A recent survey of more than 1,000 people found that almost one in five respondents said they had accessed their retirement savings early or intended to do so. Meanwhile, one in four of the people who planned or had accessed their nest egg prematurely wanted the cash as a “back-up plan.”
The generation that has a lot of the big challenges of life (a mortgage, young kids, one-income or two-incomes with a childcare bill) were half of the group withdrawing super.
I don’t blame this group because Covid has been a very financially tricky time and cash flow crises have been quite common. That’s why I suggest you try to look at your finances as if you’re a business owner.
What is a money strategy?
Successful businesses have standout characteristics. They set goals and have a plan to make these goals happen. They also set up key processes or systems to ensure the goals are achieved.
Part of good business practice is to review all costs, assess the calibre of key suppliers and never get complacent about best practice and what innovations can help you run your business better.
4 tips to assess and create your own money strategy
Here are some steps by which you can manage your money:
- Make sure you know your goals. Write them down or put them on your computer where you can see them every day.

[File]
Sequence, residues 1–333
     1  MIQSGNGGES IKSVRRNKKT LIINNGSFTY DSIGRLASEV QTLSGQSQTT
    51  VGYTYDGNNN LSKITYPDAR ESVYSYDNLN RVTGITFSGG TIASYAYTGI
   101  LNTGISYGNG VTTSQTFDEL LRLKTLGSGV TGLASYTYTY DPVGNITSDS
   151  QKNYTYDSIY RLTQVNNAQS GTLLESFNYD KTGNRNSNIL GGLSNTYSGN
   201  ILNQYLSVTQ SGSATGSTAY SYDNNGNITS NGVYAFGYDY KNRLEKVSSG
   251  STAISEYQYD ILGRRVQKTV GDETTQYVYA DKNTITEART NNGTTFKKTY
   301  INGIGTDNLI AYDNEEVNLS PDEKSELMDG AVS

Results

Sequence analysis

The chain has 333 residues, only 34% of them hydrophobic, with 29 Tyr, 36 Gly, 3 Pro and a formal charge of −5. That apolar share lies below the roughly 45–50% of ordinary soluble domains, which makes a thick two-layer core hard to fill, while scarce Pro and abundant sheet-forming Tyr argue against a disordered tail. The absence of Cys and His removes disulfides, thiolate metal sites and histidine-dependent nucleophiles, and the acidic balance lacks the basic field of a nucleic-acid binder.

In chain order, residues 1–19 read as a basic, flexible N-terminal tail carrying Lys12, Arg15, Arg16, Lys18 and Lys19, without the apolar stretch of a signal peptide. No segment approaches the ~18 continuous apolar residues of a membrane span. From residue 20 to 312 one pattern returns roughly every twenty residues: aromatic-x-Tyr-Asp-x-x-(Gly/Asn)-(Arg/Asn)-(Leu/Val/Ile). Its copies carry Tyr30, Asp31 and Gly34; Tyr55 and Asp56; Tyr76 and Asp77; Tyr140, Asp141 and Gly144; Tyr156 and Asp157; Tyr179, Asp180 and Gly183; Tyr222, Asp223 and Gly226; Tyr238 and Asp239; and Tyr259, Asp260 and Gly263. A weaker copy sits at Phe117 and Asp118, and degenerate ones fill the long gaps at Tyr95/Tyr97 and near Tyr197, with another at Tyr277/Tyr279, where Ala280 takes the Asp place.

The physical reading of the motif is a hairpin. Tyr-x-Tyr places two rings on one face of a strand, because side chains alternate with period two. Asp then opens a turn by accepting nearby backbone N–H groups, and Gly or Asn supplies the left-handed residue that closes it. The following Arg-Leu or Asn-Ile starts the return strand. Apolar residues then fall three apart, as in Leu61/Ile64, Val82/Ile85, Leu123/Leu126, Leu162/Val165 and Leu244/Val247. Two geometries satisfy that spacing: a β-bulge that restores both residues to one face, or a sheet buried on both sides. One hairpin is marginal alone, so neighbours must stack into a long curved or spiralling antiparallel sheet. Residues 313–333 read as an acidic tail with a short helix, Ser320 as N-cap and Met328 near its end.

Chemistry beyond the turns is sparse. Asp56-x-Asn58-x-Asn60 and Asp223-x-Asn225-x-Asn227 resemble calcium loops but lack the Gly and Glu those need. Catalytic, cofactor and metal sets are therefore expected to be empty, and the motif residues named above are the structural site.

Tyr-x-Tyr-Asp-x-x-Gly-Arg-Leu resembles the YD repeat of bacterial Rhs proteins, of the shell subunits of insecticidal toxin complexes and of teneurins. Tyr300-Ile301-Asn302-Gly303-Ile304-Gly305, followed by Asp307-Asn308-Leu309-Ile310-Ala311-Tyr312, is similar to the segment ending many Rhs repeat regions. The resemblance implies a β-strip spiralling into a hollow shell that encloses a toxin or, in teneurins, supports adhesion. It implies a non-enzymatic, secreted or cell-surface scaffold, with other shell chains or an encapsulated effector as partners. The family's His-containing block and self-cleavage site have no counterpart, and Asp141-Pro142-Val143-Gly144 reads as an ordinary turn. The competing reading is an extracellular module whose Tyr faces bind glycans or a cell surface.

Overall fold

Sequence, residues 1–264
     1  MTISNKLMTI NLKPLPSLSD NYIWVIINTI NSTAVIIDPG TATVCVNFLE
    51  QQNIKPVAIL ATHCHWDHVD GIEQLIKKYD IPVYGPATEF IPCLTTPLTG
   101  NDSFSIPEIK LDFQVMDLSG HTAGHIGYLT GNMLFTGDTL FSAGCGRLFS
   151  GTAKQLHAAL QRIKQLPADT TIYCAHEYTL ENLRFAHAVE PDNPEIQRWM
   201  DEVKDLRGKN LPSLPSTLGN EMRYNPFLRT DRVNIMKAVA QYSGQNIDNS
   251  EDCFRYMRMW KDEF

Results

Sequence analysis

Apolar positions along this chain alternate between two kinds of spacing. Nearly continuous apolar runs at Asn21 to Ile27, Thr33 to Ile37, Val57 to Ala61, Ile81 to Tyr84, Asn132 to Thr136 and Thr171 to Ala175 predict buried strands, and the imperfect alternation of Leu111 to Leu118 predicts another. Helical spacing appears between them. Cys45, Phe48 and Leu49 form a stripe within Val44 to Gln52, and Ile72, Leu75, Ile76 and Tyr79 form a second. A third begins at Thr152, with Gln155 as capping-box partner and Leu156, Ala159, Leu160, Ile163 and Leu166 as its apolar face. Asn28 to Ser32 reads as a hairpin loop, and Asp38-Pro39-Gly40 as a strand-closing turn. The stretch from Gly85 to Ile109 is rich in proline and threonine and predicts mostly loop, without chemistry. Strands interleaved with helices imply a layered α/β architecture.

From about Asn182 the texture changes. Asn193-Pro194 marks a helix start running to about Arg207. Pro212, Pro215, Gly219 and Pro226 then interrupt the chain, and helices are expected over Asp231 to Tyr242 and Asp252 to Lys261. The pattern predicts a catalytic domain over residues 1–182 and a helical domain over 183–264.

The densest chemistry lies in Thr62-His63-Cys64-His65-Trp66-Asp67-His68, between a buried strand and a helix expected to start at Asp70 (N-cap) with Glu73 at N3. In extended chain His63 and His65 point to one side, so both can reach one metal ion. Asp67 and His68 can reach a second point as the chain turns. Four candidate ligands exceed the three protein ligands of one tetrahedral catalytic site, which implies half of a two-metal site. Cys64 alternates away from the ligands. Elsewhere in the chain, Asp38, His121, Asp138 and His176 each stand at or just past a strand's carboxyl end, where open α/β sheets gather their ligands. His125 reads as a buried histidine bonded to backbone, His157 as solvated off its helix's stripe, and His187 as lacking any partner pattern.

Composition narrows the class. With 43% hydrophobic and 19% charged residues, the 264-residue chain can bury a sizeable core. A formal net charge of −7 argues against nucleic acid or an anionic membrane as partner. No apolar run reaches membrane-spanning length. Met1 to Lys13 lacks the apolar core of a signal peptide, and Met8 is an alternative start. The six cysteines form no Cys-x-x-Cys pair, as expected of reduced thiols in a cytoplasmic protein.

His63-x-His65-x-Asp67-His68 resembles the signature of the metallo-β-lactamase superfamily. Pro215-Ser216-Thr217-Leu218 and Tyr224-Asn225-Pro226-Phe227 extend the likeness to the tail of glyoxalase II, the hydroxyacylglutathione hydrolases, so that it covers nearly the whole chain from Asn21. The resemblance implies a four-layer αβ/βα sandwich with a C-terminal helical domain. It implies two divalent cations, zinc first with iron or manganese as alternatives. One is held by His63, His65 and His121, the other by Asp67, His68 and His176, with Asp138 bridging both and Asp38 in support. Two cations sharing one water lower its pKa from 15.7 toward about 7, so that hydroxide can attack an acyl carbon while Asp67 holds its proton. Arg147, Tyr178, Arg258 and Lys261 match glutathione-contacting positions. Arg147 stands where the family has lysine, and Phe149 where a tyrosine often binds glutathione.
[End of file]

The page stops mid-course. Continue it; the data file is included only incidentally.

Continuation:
- Work out the processes that will help you find the money (either through better spending, saving or income-generation) to give you the funds and invest to build wealth.
- Review all the financial products (home loans, credit cards, term deposits and superfund) to make sure they are best-of-breed and reasonable when it comes to costs.
- What is your current investment or wealth-building strategy? Do you really have one? And are you sticking to it?
Three examples of an investment strategy
When it comes to your written down investment strategy, is it rigid or set in stone?
Here are some examples:
- I’ll save $100 each pay and after five pays I’ll buy an exchange traded fund that gives me access to the top 200 companies in Australia by investing in the S&P/ASX 200 Index.
- I’ll salary sacrifice $10,000 a year and invest that in a high growth option with my super fund.
- I’ll buy a home to live in when the real estate market is negative. It will be the worst house in a really good street in an up and coming suburb. I’ll renovate and sell it when the property market is buoyant, and trade up into a better street in a better suburb and do it again. I’ll do Do-It-Yourself courses so I can do a lot of the work and project manage the future renovations.